I first met Nick in 2000 when we moved into a house two doors up the road. Our kids were of a very similar age, and very soon the "two boys" were running up the road to see if the "two girls" wanted to come out to play. In fact it was usually the two girls going down to the Laver's house, because there are always many more exciting toys to play with in a boy's house.
Nick didn't really mention Mike - over a beer he would mention helicopters and RAF in passing. But it was clear they were close.
Then a few years ago Nick asked if I wanted to join him on the first MonsterSki. He was going with his brother to ski five Everests in six resorts over six days. It was a huge success, and Monsterski 2 and 3 followed. Little by little Nick told me how MonsterSki had come about. I learned a little about Multiple Sclerosis and what had happened to Mike.
Born in Montrose, Mike grew up in Edinburgh and learned to ski while at school. With a life-long love of flying, and with a family history in aviation, starting with a grandfather in the Royal Flying Corps, he joined the RAF as a pilot. However, after a series of seemingly unconnected medical events throughout his career, Mike was eventually diagnosed with Multiple Sclerosis in late 2005. For him, having a diagnosis was almost a relief and has allowed him to focus on his future in a completely different way. As Mike has now been medically discharged from the RAF, he has put his energies to other uses and has returned to college to learn fine-furniture making, an interest which started when Mike watched his grandfather work at his bench when he was young.
Mike was a helicopter pilot with the RAF. He served his country well, flying missions in the first Gulf War and then the more recent operations in Iraq. A leader of men, an expert in his specialist field, a former British Helicopter Champion, and above all a passionate aviator. But then he was diagnosed as having Multiple Sclerosis.
Discharged from the RAF on medical grounds he was left without his job, his career, or his vocation - to fly. That would be enough to bring anyone down. But Mike refused to be bowed, and relentlessly pursued the positive. MonsterSki is only one example of the way in which he has sought to take a positive approach to life.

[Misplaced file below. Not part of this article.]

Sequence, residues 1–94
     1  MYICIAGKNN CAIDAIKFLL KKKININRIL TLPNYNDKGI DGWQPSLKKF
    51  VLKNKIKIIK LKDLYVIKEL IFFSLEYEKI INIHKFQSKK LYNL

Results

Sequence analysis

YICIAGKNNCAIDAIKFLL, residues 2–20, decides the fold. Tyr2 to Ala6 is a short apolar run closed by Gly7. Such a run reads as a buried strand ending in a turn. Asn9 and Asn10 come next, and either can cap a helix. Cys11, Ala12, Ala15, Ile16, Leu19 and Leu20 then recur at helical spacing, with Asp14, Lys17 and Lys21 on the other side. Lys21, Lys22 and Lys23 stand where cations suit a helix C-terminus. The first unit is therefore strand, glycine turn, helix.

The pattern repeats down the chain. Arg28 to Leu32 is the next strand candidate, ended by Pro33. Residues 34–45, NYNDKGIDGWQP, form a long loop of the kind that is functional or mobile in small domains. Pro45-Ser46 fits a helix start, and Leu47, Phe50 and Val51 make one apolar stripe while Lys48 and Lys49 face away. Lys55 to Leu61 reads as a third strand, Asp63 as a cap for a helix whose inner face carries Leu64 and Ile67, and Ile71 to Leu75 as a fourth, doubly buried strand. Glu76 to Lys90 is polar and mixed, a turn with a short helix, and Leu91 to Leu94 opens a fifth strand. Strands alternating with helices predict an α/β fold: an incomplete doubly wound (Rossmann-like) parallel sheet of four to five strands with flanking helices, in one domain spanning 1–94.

When you hear Mike's story it puts day to day worries and irritations into perspective. It inspires us (and we hope you too), to be both positive and to help others. That's why we accepted the challenge of MonsterSki4 due to take place in April 2010.
Last Updated on Saturday, 19 September 2009 11:07
Written by John
Saturday, 05 September 2009 16:06
No matter what you give, your donation will make a difference to the lives of MS sufferers, whether they have mobility problems, problems with speech, crippling fatigue, blindness or all of these. But equally as importantly, even by visiting this web site you will have seen that MS does not need to be the end of their worlds. This is part of monsterski too: debunking some myths. Remarkably, for those with MS, life spans are increasing more than those in general populations, through careful use of diet, exercise and attitude. By staying fit and as healthy as you are able to, even those with MS can live as active a life as anyone else and occasionally do even more. This was our reason for monsterski – to show that it is possible if you try.
We are now seeking sponsorship. It's easy. Just go to our Just Giving page and donate now.
Last Updated on Saturday, 19 September 2009 17:10
Thank you for all your help. This site is now dormant, but please feel free to explore.